One area of potential confusion is how states define “disadvantaged community”, and who is eligible for subsidies within the SRFs. EPA’s approach has previously been “hands off” regarding this, with many states creating bare minimum definitions that do not address the inequities in water infrastructure. The memorandum seeks to provide guidance to the states on what communities should be eligible to receive the guaranteed 49% allocation of funds. This guidance will help states understand that they can expand  definitions, and not merely address affordability concerns.

The largest barrier for communities isn’t always funding. Often those seeking SRF dollars do not know how to get them, and when they do, they do not have the technical knowledge to commit to filing an application. EPA’s memo seeks to alleviate these problems. By ensuring that 2% of the funds received to the states go toward technical assistance programs and outreach, EPA has ensured that communities that were never able to apply, but desperately need water infrastructure funding, will now have the capability to do so. 

Most importantly for lead line service replacement, EPA’s memo communicates that IIJA dollars cannot be spent on partial lead line replacement. Partial replacement is typically a massive waste of dollars and capacity as it does not get at the root cause of lead in drinking water. EPA’s guidance will lead to more equitable water infrastructure systems, not just from the IIJA, but for the foreseeable future. 

There is More Work to Be Done

The Bipartisan Infrastructure Investment and Jobs Act is the first step in closing the infrastructure investment gap. Water infrastructure is intrinsically tied to climate resiliency and human health. It will be crucial for future federal budgets to continue investments put forth through the IIJA. Future investment must include climate resiliency and water equity as a focus. The new funds for lead service line replacement are needed, but will not be enough to reach the president’s goals of fixing every lead service line, a cost that is expected to be as high as $45 billion.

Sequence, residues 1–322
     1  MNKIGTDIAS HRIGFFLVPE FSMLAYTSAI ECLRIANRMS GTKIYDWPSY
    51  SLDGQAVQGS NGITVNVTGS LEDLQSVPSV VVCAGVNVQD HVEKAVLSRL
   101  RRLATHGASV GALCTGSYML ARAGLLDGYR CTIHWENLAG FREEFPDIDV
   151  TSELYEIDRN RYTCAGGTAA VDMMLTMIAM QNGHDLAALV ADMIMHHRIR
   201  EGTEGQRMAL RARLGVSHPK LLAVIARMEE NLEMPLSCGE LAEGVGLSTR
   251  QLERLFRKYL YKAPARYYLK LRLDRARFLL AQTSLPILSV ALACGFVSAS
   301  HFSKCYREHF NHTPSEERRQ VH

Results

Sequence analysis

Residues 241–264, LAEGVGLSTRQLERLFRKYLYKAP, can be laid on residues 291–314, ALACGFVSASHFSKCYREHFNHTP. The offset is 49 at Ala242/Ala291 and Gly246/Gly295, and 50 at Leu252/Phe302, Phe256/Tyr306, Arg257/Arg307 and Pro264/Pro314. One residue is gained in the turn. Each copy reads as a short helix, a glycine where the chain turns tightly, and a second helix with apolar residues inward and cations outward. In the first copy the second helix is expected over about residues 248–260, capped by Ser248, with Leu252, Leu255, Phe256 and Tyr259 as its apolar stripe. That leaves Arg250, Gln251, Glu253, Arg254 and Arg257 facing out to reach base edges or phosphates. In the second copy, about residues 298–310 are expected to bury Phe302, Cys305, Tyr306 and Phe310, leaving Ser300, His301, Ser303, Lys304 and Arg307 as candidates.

There is still work to do. Despite EPA’s efforts, thoughtful implementation of the act is not guaranteed. Diligent engagement will be required to ensure that SRF dollars are reaching at-risk communities. Per EPA’s instructions, many states will soon be rewriting Intended Use Plans. These plans outline a state’s priorities for the upcoming year, such as what that state considers a disadvantaged community. Now is the time to see what outreach your state is putting forth as they write these plans. When engaging with state actors, advocates should be looking out to see:

  1. What definition is the state investment authority using for disadvantaged communities? Is it equitable? Does it seek to diminish historic injustices? Does it rely solely on broad demographic data such as median household income?
  2. How does the state investment authority plan on using technical assistance funds? Will there be construction loan programs to help small systems apply? Will there be outreach programs to reach systems that don’t have the capacity to research SRF allocations?
  3. How does the Intended Use Plan work to address climate resilience? Do the state’s priorities address local concerns such as flooding risks?
  4. What is the state authority’s plan for ensuring transparency? Will they allow easily accessible public data to ensure that disadvantaged communities were prioritized?

The wellspring of funds provided by IIJA creates a new world for water infrastructure. Despite there still being plenty of work to do, this level of investment should be celebrated. With vigilance and forward thinking, we can set in motion an infrastructure decade, one that is long overdue.